In 1969, the US landed the first manned craft on the moon. This goal had been started years earlier when President John F. Kennedy challenged NASA to put a man on the moon before the Russians did. While part of the reason for this goal was to prove military superiority over the Russians, Kennedy also knew that to land a man on the moon was an audacious goal.
In a speech to Rice University in 1962, Kennedy said:
“We choose to go to the Moon… We choose to go to the Moon in this decade and do the other things, not because they are easy, but because they are hard; because that goal will serve to organize and measure the best of our energies and skills, because that challenge is one that we are willing to accept, one we are unwilling to postpone, and one we intend to win.”
Kennedy knew that work needed to get a man on the moon would be the organizing principle behind great advances in humanity. The technology that would have to be created to accomplish such a goal would need to be invented. He knew that discoveries in mathematics, engineering, material science, and many other fields would need to happen before we able to successfully have anyone striding on the lunar soil. He knew that even if we failed, the progress that we as a society would make in trying to reach the goal would be incredible.
From that one goal, we now have all kinds of amazing technology. Things like improved fireproof gear that was created for astronauts is now standard in fire departments around the world. Other inventions that are in wide use include water filtration systems used to purify water, freeze dried food, camera technology for telescopes that is now used in mobile phone cameras so you can thank NASA for your selfies. We have integrated circuits that are in almost everything tech based, and even ski goggles that filter out blue light so that you hit the slopes without being blinded. These are just a few of the myriad technologies that came from trying to hit an audacious goal.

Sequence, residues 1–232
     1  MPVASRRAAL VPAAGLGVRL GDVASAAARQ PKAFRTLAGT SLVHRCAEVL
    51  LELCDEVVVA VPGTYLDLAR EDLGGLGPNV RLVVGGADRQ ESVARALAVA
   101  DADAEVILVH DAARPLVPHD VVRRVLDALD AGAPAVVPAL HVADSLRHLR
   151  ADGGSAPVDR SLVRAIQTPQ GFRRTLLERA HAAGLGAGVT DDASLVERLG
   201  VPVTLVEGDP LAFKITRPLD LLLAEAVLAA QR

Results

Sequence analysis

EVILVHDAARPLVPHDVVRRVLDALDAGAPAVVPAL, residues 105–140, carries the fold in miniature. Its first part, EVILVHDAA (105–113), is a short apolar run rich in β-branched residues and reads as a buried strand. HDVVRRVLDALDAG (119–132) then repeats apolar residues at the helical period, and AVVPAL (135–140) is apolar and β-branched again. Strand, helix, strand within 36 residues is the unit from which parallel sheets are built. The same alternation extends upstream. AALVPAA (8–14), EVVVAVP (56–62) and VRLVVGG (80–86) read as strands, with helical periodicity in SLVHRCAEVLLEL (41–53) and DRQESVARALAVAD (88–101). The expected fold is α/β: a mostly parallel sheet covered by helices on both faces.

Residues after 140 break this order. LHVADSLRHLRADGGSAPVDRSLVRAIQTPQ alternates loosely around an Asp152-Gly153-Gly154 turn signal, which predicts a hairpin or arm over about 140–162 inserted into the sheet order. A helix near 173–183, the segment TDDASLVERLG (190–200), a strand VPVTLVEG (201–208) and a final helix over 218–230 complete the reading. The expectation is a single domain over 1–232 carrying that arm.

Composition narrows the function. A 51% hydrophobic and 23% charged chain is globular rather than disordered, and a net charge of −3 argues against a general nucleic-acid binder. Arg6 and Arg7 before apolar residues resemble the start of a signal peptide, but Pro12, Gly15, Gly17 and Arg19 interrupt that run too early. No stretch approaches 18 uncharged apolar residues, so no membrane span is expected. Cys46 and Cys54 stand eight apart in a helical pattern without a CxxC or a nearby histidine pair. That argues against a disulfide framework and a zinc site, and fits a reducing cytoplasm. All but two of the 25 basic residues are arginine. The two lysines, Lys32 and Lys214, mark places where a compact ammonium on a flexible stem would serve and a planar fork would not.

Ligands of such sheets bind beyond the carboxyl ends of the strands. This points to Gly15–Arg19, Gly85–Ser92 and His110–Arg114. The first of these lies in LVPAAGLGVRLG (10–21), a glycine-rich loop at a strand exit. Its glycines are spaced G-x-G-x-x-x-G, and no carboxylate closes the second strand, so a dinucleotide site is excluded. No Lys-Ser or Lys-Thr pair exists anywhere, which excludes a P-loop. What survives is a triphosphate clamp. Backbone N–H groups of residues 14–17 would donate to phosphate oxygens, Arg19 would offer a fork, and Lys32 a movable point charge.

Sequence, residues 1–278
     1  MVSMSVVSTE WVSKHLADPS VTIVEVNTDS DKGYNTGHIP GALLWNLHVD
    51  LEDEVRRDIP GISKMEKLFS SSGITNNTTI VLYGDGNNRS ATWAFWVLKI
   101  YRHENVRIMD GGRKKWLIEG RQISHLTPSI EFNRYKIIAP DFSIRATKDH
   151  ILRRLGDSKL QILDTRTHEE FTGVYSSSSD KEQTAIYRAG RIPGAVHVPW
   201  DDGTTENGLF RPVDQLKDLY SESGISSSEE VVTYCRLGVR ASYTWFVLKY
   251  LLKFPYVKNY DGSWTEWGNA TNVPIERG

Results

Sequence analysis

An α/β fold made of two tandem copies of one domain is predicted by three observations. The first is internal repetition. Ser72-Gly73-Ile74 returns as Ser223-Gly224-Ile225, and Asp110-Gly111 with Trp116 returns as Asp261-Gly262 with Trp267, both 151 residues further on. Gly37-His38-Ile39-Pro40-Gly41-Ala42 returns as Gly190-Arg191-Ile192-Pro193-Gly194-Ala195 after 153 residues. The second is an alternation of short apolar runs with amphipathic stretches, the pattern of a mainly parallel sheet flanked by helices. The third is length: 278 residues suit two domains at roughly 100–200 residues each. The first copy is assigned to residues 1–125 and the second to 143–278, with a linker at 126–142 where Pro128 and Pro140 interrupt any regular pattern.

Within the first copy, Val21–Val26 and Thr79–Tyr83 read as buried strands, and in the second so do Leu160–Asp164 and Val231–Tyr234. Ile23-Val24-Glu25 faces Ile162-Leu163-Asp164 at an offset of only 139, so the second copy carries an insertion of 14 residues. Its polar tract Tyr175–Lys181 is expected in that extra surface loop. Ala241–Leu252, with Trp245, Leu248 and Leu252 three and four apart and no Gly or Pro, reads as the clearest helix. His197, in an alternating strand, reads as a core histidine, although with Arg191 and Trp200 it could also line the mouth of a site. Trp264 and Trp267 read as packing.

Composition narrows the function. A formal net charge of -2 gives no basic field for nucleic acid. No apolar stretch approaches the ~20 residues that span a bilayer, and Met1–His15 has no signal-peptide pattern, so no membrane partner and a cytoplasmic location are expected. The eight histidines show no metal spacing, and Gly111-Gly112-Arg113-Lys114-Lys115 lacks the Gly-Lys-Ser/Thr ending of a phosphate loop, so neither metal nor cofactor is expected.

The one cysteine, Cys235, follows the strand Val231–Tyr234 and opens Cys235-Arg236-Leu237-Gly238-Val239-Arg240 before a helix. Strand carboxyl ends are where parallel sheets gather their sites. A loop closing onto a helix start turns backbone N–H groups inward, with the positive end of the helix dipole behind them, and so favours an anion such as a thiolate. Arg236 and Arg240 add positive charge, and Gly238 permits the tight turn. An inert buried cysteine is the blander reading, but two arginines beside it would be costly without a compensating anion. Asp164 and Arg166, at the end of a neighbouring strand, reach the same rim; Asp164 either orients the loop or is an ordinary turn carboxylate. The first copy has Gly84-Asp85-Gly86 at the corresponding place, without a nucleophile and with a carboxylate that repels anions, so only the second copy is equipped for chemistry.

So what are the stumbling blocks that can get in the way as we work to achieve our goals? What can we do to be sure that we’re getting the most out of our journey on the way to accomplishing what we set out to do?
“People are always looking for shortcuts. The only way to achieve greatness in life is to have patience, consistency, and discipline.”
— David Goggins
Because you are trying to live the stoic ideals, the stoics believe strongly in justice as one of the four major virtues. Cheating to win or to accomplish your goal obviously doesn’t help you live the virtue of justice. You should hold yourself to high standards, and to achieve your goals ethically. Doing so is an important part of building your character.
But the biggest reason why cheating is a waste, is that if you cheat to get your goal, while you may actually get the outcome you want but in doing so, you miss the growth that comes along with it. Remember, the goal is not the point, it’s what you become while trying to achieve that goals that matters. Even if no one else knows that you cheated, the person who loses is you. You may have the outcome you want, but deep down it’s a hollow victory.
“True success is achieved by stretching oneself, learning to feel comfortable being uncomfortable.”
— Ken Poirot